On CO2 lifetime and the incompleteness of short-term mitigation options

Quite frequently in discussions on climate change, projections are given out to some time period like “by 2100” or by some useful metric like “a doubling of CO2.”

Global Warming Art

These are perfectly acceptable for talking about how much warming we’d get in a specified amount of time, or at a certain level of CO2, etc. but often people lose sight of the fact that all of these lines are still going up. The world does not end when we hit the first doubling of 560 ppm, or when we hit 2100.  Even in discusing climate sensitivity, if we suppose that the sensitivity is on the low end of the IPCC projections, there is still nothing to stop us from tripling or quadrupling CO2 if continue on business as usual for centuries.  The real issue here is coal, which is much larger than what is left from oil and gas.  I can imagine how year 2200 or 2300 seems like such a long time away, but imagine if the ancient Greeks or Romans were faced with the issues we have today– how would they have left the world, and would we like it?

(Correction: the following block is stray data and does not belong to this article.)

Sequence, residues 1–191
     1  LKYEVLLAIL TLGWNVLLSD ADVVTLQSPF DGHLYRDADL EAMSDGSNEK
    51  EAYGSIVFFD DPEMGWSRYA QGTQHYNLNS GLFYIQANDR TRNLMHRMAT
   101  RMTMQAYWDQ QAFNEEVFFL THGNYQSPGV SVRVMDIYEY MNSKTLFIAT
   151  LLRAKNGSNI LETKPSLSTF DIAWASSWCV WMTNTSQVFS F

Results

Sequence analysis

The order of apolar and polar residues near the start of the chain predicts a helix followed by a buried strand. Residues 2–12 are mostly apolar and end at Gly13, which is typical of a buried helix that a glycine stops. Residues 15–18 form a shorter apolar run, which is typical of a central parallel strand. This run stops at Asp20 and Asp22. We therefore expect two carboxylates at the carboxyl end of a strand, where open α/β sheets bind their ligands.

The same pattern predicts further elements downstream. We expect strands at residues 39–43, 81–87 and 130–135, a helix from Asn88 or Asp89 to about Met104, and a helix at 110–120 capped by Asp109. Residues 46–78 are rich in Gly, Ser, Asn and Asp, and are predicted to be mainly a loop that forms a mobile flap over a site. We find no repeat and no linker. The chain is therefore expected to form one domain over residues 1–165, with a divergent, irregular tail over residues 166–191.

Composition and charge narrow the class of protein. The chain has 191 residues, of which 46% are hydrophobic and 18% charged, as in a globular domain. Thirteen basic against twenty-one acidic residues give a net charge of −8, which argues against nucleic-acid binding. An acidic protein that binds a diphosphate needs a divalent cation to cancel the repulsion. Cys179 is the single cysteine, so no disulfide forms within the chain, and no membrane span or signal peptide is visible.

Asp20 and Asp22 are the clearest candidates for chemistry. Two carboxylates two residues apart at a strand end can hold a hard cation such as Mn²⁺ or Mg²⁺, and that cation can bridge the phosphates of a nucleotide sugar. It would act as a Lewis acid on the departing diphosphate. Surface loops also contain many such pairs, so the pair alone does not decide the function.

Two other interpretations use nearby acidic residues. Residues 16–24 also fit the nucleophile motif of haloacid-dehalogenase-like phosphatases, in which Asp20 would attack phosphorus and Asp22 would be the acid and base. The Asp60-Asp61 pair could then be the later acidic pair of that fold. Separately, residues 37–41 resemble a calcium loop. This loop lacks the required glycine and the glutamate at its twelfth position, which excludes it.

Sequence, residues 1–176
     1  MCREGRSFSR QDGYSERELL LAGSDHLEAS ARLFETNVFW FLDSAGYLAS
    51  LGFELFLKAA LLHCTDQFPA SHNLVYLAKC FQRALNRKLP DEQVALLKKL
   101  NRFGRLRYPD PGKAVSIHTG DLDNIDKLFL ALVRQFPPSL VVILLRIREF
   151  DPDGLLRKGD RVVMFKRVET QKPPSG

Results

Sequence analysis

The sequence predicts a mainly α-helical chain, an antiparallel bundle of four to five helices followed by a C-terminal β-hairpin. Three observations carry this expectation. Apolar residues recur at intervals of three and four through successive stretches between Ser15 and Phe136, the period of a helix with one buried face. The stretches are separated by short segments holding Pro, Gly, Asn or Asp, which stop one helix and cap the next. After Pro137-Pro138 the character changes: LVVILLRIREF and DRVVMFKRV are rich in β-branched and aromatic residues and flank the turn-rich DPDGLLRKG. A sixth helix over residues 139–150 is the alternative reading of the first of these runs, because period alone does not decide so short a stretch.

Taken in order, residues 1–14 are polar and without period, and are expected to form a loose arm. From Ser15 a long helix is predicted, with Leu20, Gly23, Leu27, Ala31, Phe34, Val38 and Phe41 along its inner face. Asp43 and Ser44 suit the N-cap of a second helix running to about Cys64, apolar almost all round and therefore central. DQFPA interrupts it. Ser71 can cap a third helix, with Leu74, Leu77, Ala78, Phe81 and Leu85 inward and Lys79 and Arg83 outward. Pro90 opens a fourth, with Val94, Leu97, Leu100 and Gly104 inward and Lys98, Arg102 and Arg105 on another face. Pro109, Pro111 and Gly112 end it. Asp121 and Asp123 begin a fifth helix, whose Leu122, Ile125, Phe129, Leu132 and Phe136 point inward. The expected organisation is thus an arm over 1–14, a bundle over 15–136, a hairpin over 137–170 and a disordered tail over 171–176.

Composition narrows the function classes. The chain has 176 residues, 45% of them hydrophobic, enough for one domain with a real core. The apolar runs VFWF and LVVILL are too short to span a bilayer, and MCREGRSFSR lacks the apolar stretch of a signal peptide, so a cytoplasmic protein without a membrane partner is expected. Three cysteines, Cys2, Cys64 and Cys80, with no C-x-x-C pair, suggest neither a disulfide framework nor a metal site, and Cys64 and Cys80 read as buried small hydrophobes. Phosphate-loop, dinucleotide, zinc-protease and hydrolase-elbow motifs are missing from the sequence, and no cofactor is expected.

Geo-engineering has been following me a bit this week. Earlier today I heard someone talking about injecting sulphate aerosols into the atmosphere to offset the warming effect due to rising CO2 concentrations. It doesn’t seem like one of the more practical options out there, and is not exactly at the forefront of “solutions” to the climate problem. Still, it is brought up quite a bit in “what if” thought experiments, it’s probably something we should know out there, and a lot of people still take it seriously. I have my concerns over playing games with an incompletely understood climate system by trying to balance the energy balance of the planet with a higher albedo. I have concerns with short-term mitigation options as a whole though.

Climate Change is both a short-term and a long-term problem. When we inject a pulse of CO2 in the atmosphere, it has a different variety of “fates.” About three-quarters of the drawdown of the excess CO2 takes place in centuries by dissolving in the oceans. There is still some left over CO2 that becomes becomes neutralized by reactions with calcium carbonate and then igneous rock, but these processes take much longer. If there was just air and water and no rocks this tail end would basically stay there forever. So essentially our excess CO2 will effect climate for thousands to tens of thousands of years. In fact, using up the entire coal reservoir could prevent another glaciation for half a million years or longer. So if we offset rising CO2 with sulphate aerosols, we’d have to commit to that for thousands of years, which is absurd. If we were to stop, then the aerosol effect would disappear rather quickly, while CO2 was still very high. Talk about an abrupt climate change!